Louisvillians who know Edward Lee only through his iconic local restaurants are advised to take a second look, courtesy of an informative and uncommonly far-ranging article at The Local Palate.
First, The LEE Initiative would like to introduce you to some of the members on its team.
There is much to enjoy in this publication out of Charleston, South Carolina.
Published six times a year, The Local Palate celebrates the rich and diverse food culture of the South, highlighting the people and places that make it the most dynamic culinary region in the country. Here, food and drink are more than sustenance—they’re a way of life. Covering everything from the time-honored recipes and traditions that reveal regional nuance to emerging destinations to inspire the modern traveler to the people shaping today’s culinary landscape, we connect readers to what makes food in the South distinct.
The essay is titled “Resetting the Table: Chef Edward Lee Is Still Busy Feeding People,” written by Chris Chamberlain, who begins with an overview of The LEE Initiative’s Restaurant Workers Relief and Restaurant Reboot Relief programs, focusing valuable column inches on the newer and relatively under-publicized latter effort.
The Restaurant Reboot Relief Program seeks to address the potential crises within the supply chains for farmers and restaurant operators who are committed to sustainable food and has committed at least $1 million to purchasing food from sustainable farmers in 16 regions and giving that food directly to restaurants in those areas. The restaurants that have hosted relief centers in those areas as part of the RWRP will be receiving the food and helping to select which other restaurants will also be receiving the bounty.
Lee is thinking on a multi-dimensional chess board. A crisis of the pandemic’s magnitude demands attention to how all the dots are connected, not just those cherries easiest to pick.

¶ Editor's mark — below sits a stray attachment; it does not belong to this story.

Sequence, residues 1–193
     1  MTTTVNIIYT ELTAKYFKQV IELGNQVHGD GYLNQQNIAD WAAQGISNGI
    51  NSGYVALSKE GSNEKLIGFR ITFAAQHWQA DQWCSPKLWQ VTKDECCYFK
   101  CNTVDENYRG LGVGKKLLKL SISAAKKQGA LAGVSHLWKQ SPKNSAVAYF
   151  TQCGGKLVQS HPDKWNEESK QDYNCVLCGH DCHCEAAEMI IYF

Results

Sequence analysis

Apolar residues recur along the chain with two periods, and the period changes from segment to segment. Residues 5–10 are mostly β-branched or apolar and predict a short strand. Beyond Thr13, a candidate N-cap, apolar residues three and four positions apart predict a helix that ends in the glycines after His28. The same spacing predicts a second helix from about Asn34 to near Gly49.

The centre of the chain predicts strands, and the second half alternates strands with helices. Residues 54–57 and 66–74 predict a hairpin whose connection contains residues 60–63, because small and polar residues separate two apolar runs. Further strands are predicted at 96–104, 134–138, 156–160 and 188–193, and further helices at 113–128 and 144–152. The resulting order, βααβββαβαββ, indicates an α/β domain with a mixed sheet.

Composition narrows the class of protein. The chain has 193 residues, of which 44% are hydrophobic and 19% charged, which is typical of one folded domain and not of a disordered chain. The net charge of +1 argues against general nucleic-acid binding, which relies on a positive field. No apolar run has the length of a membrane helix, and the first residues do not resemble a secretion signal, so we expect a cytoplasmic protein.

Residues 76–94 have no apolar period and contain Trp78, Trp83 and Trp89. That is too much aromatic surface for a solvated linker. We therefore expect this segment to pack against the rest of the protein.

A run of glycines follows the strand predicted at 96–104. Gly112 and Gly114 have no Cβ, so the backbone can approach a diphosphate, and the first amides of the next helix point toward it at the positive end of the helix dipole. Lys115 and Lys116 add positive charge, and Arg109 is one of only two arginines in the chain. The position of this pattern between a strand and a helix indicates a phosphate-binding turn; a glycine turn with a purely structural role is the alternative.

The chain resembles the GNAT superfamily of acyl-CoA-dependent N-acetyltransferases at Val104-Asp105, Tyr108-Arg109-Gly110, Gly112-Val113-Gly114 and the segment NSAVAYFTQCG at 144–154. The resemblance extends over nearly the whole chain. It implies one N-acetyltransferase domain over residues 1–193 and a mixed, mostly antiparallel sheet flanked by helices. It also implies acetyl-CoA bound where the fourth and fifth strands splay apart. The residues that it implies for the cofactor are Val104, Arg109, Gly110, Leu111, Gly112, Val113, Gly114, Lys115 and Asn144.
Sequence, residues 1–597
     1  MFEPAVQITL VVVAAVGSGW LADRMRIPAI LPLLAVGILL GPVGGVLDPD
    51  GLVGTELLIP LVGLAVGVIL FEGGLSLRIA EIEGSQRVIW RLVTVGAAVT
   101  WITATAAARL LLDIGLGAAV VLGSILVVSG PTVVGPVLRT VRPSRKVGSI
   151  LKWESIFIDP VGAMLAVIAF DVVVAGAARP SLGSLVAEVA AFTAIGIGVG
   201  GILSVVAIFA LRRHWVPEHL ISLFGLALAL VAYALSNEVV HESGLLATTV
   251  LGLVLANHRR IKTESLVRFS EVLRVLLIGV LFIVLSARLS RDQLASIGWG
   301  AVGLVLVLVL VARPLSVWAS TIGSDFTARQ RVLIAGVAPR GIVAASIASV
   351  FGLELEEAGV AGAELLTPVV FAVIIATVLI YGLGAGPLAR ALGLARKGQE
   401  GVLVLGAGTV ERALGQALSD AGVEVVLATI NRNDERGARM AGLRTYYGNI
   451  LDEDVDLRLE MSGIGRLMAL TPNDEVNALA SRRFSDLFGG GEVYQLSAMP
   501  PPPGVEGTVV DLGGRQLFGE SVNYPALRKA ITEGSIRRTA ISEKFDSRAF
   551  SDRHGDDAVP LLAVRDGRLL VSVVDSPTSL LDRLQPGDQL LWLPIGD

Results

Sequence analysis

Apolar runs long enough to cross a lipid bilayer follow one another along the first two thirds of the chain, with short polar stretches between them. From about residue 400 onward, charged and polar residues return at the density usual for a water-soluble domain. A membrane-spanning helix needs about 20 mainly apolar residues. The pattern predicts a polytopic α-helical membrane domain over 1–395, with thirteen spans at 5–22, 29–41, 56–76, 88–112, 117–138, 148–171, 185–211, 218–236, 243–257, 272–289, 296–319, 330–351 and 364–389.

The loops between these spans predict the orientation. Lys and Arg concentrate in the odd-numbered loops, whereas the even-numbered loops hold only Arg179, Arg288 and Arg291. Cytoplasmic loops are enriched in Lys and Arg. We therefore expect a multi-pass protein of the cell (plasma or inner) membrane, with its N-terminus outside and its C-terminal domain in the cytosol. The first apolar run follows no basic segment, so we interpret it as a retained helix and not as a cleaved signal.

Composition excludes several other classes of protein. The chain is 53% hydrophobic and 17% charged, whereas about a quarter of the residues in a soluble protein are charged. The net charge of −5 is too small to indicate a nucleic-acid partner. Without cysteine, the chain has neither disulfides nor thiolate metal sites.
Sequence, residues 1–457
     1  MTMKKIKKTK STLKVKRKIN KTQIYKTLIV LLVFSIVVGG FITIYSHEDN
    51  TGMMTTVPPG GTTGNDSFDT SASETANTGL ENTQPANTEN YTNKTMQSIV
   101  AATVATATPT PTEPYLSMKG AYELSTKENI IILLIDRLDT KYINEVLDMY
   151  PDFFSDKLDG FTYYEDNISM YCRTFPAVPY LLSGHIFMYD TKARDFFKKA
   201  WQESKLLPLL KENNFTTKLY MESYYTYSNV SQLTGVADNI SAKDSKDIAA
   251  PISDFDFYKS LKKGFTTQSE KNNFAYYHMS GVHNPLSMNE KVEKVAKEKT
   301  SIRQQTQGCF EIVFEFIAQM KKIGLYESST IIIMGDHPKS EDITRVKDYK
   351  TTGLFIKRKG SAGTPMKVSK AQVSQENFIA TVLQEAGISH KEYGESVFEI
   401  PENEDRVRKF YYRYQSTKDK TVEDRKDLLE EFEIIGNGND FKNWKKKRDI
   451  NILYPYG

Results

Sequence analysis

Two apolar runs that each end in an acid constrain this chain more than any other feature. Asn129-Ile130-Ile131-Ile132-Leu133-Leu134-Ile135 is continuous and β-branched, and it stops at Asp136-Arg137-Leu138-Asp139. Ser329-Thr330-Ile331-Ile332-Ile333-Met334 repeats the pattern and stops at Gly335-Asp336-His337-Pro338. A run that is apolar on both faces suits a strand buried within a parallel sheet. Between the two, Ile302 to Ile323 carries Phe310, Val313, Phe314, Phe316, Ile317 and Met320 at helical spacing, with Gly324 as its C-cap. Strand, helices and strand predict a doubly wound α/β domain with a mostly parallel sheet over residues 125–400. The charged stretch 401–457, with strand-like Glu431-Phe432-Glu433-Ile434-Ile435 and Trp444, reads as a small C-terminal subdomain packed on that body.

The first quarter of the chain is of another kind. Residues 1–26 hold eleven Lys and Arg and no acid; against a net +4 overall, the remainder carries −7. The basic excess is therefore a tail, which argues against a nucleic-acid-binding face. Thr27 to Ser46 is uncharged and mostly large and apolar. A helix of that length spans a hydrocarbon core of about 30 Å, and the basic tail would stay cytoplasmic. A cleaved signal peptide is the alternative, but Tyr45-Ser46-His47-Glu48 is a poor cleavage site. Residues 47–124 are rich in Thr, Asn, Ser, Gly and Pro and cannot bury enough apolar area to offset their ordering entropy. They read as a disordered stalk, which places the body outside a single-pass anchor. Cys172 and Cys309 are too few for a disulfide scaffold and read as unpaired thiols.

Lee sees this situation as a portent of more trouble ahead. He warns, “The idea to close every single restaurant across the country was completely insane! We are seeing a complete breakdown of our food system, the whole chain from food suppliers, farmers, truckers, purveyors all the way down through restaurants and the people we all employ is broken. The decision was not thought through clearly enough. They thought closing restaurants would just be an inconvenience. Now we’ve created an unsafe space for the average consumer who is having to figure out how to feed themselves. The majority of Americans do not know how to cook, period. They don’t necessarily have the time, the money or the wherewithal to feed themselves. All the sudden you’re asking these people to prepare three meals a day for families of four or five? It’s impossible.”
The solution to the breakdown of the food supply chain could also be the answer to saving restaurants, says Lee, “We’re getting food donations where we can, but we also have to spend money on some of these ingredients as well because we have to keep that supply chain going. I know I have farmers who are wondering if they’ll have a business when this is all done, because they don’t have the money now to seed the new seasonal crops or to get the new herd going. They’re in the same boat that we are, so if we have some money that we can spend on them, they also have to make a dollar, too. What happens if at the end of all this we chefs don’t have somewhere to buy organic beef or farm-raised pigs? Then we can’t do what we do. In some ways, many chefs are just middlemen between farmers and consumers, so we have to make sure these farms can still exist.”
You’re encouraged to read the entire piece, and after doing so, visit The LEE Initiative’s web site and see how you can help.